As the quarantine in Michigan continues through May 15, tensions are rising among the public with May Day strikes around the globe. Curtailed by the quarantine, the strikes took on different forms from honking horns in cars to singing on the balconies.
This time the protestors are on both sides of the COVID-19 quarantine issue. One wave of protestors is comprised of health care and essential workers fearing for their safety, the other wave fears for their economic well-being.
In Michigan, protesters were early as they swarmed the Capitol in Lansing on Thursday scaring the legislators with their rifles and signs.
“Today was scary, I won’t mince words. But the signs the protestors carried reeked of misogyny, racism and anti-semitism. I cannot imagine what it was like to walk into the Capitol today as a female person of color.”
— State Rep. Matt Koleszar (D-Plymouth), tweeting Thursday night about the loud, heavily armed conservative protest at the state Capitol that spilled into the building.
Millions of others defying the stay-at-home orders, opened their doors to business on this first day of May in a hurting economy.
May Day Kaleidoscope
May Day aka former International Workers Day was also a national holiday in socialist Czechoslovakia.
For me, May Day remains a day of observance–a kaleidoscope of colorful bits and pieces encompassing the past and the present. It’s sort of like bringing a bouquet of fragrant lilacs to a monument; the lilacs have the same smell, but the monuments keep changing.
Just the words May Day still bring a smile to my face; even after more than 30 years of celebrating it on the Revolutionary Boulevard in then Gottwaldov, Czechoslovakia. We marched down the boulevard waving small flags and patriotic pompoms in the mandatory socialist parades.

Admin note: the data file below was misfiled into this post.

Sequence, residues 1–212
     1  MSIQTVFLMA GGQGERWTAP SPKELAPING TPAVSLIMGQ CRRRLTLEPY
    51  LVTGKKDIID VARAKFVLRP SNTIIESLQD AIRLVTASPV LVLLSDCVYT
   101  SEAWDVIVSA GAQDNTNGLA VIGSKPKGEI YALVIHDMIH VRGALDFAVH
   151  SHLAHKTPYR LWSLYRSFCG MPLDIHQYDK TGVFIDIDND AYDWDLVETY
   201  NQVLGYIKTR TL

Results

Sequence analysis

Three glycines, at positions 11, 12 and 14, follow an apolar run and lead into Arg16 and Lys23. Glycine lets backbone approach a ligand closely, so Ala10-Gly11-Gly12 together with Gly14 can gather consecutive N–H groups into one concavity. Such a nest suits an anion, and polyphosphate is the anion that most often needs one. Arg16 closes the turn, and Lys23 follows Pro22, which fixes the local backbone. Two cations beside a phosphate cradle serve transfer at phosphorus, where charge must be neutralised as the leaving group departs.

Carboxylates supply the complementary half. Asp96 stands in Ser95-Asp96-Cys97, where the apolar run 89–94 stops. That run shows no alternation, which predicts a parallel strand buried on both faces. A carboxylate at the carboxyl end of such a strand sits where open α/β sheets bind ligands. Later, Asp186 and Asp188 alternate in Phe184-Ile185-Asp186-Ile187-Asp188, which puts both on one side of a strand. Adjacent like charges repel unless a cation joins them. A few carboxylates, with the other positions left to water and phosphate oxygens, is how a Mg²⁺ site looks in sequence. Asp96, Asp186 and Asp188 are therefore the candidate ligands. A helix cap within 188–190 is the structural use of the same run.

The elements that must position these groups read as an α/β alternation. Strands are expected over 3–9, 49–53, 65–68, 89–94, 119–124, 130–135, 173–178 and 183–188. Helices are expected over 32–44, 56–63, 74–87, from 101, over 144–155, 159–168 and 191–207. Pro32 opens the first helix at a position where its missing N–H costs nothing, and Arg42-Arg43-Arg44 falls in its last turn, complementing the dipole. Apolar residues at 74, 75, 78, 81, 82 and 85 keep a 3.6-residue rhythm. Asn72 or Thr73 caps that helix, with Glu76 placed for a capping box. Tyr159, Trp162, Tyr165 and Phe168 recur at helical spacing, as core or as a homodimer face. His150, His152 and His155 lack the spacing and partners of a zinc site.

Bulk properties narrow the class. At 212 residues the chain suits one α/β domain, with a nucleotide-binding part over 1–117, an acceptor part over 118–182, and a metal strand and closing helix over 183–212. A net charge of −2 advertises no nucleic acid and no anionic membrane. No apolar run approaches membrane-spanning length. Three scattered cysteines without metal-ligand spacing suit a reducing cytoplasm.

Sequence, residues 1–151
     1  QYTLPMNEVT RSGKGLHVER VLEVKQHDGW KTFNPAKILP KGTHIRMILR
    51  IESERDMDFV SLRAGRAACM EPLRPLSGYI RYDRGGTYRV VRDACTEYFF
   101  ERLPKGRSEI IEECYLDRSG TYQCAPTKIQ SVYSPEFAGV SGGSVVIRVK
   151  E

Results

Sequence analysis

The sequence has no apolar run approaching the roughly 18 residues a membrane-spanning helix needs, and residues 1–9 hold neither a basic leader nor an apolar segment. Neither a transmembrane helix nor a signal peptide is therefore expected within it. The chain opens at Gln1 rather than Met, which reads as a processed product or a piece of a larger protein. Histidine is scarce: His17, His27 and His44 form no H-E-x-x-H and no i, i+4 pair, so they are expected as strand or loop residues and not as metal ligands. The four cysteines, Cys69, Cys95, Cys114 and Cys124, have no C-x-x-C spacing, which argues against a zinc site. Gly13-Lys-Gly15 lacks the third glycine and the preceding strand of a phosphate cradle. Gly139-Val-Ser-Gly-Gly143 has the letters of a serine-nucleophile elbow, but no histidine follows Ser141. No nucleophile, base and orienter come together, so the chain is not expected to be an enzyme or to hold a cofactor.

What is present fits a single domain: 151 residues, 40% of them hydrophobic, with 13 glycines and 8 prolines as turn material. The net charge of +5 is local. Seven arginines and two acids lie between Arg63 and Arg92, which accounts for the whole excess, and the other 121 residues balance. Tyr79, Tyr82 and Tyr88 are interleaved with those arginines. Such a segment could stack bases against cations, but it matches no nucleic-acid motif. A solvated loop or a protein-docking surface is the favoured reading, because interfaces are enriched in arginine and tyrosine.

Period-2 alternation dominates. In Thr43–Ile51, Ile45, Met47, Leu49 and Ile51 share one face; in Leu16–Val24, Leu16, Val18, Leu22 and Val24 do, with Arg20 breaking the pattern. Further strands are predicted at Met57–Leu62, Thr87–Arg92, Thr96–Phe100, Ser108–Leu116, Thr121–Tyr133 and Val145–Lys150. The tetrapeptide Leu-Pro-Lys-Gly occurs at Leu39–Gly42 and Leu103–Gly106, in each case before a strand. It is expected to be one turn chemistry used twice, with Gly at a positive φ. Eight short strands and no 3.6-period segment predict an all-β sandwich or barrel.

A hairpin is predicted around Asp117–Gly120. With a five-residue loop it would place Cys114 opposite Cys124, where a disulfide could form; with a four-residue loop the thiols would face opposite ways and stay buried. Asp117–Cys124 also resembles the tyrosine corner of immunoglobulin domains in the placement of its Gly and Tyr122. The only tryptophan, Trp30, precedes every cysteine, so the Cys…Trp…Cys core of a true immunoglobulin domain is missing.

If I close my eyes, I can still feel into the atmosphere of the parades, the tribunes and the socialist propaganda with the slogans and the banners on the backdrop of the blossoming lilacs. The socialist patriotic anthems were blasting from the loudspeakers including the Soviet anthem “Coyuz Nerusimij.”
We all had to Partake in the May Day parade. Those who didn’t participate got later into trouble at work or in school like our English teacher who crumpled up a patriotic pompom. She got written up.
And I write about all this in my upcoming new book the “Greenwich Meridian Memoir.” Here is an excerpt:
Parades known as March of Thieves
During national holidays, the workers would steal anything and take it through the gates without being checked because there were so many of them leaving at once for the parades. So, the parades were known as the “March of Thieves.” Some parades actually started inside the factory. On the matter of overtime, one individual was selected to punch for all those, who waited somewhere outside the factory behind the gates.